You’ve probably spent a lot of time keeping track of your plants and all the minor details, like the coloration of the leaves, in order to make sure they’re healthy — but for professional growers in greenhouses, this means keeping track of thousands of plants all at once.
That can get out of hand really quickly as it could involve just walking through a greenhouse with an iPad and checking off the health of each plant, and it means that a lot of things can fall through the cracks. And that’s not really a judgment on the professional abilities of the grower, but rather just the scale of the system that those growers have to deal with — and the lack of technology to support it, iUNU CEO Adam Greenberg said. So that’s why his startup, iUNU, is introducing a new system to try and help that.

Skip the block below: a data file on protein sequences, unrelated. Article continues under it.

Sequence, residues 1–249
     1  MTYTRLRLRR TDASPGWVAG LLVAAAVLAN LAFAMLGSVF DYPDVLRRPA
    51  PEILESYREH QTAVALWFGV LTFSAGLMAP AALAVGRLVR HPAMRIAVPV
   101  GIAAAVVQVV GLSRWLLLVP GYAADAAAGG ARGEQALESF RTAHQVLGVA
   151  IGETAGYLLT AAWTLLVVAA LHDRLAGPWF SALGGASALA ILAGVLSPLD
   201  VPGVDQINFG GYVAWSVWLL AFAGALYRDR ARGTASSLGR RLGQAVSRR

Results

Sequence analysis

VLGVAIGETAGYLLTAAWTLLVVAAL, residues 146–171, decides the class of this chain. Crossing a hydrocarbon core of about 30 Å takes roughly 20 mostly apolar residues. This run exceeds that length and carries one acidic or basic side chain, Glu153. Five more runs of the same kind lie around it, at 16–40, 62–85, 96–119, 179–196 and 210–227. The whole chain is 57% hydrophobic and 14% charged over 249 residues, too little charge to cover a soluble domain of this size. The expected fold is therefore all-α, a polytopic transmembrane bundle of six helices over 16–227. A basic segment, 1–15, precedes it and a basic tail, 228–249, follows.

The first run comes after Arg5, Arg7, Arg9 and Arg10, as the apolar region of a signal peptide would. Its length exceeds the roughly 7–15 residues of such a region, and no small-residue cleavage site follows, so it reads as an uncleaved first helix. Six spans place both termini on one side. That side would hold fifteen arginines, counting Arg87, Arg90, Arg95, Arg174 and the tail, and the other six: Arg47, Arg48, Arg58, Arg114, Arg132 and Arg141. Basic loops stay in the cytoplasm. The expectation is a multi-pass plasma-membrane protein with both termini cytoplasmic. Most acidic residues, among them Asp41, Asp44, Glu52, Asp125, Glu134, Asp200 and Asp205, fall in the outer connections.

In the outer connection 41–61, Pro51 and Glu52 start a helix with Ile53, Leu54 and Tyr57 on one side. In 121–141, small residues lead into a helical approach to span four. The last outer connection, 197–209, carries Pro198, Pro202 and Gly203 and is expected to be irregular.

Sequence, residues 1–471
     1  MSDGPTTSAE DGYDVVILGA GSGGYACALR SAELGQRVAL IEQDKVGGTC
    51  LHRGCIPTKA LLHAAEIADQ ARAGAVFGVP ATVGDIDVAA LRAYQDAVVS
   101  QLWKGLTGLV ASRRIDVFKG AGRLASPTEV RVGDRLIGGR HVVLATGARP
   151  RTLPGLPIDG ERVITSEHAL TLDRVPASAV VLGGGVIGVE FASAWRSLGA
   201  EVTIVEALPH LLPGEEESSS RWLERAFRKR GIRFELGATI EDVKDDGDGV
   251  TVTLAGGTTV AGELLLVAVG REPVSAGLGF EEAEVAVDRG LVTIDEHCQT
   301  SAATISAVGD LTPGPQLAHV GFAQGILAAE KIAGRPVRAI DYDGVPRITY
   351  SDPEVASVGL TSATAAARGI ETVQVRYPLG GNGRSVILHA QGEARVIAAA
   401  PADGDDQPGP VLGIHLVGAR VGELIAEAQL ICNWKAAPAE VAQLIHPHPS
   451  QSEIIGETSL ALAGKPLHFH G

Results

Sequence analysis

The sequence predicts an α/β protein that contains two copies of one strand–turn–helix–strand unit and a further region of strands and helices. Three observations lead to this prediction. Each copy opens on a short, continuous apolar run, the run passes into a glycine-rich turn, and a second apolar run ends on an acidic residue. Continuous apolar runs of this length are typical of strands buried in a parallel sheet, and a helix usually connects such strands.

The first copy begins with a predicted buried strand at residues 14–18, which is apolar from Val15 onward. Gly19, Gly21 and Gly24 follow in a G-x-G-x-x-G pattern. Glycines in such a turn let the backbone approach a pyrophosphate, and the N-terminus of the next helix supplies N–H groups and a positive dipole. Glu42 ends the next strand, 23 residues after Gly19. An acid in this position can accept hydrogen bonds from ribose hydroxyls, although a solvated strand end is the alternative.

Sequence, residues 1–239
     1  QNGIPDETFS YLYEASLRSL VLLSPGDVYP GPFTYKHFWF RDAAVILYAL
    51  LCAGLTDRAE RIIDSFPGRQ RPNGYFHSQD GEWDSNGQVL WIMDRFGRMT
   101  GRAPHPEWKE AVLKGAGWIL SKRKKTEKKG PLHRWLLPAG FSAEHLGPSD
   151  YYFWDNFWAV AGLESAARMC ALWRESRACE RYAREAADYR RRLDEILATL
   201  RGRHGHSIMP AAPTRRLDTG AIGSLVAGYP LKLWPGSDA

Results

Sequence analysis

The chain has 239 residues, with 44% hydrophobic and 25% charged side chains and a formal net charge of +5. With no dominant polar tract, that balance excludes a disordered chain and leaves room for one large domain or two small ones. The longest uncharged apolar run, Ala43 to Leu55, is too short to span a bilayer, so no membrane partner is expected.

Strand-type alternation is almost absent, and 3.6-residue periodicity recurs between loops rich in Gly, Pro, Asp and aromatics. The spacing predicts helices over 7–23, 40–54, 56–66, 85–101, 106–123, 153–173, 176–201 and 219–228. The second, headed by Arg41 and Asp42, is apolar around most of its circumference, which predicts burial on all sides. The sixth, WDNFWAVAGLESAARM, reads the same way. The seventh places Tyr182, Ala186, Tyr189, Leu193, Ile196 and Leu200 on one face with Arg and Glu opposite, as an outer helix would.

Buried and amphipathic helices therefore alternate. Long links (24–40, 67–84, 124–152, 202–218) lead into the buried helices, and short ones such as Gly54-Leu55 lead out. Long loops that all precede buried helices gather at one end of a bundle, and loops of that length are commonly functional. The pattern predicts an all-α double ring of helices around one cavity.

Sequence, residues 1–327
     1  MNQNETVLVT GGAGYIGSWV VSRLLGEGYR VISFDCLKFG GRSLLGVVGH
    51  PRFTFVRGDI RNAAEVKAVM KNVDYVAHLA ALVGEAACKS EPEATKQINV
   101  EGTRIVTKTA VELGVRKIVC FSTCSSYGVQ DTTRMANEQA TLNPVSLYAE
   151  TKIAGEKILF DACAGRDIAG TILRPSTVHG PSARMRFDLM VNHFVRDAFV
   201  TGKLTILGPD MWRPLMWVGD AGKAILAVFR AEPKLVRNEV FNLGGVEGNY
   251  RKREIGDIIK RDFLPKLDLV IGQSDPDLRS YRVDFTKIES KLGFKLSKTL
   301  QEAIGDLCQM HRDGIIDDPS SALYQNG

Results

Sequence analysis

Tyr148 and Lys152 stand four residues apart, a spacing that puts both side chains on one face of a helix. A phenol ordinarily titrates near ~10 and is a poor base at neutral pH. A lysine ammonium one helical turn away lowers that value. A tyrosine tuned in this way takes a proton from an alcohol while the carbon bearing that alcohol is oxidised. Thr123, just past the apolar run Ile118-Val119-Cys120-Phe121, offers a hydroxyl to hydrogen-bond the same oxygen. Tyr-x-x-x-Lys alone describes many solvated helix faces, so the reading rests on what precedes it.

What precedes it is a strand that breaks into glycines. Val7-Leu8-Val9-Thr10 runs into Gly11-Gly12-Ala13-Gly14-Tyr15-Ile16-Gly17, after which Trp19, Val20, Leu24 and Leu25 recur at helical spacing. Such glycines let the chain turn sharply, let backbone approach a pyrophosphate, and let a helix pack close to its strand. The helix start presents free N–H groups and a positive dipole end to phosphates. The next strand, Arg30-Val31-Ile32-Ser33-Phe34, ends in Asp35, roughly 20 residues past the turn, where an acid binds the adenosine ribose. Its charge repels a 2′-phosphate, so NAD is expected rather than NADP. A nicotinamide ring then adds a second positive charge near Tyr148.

iUNU’s Luna camera network works with a rail system with automated cameras that keep track of plants and how they are changing over time. So rather than having to do a daily crop walk, which could take hours, the growers can quickly have a set of cameras run across the plants and get a visual snapshot of those plants’ health. That information then feeds into a computer vision system on the company’s back-end, which applies machine learning to detect potential problems (like leaf discoloration) and helps those growers zero in on the areas that they actually need to address.
“While we’re doing something that seems really broad or really simple, it’s a derivative of highly granular HD sensors and repurposing facial recognition for plant recognition in a way that there’s a lot of highly…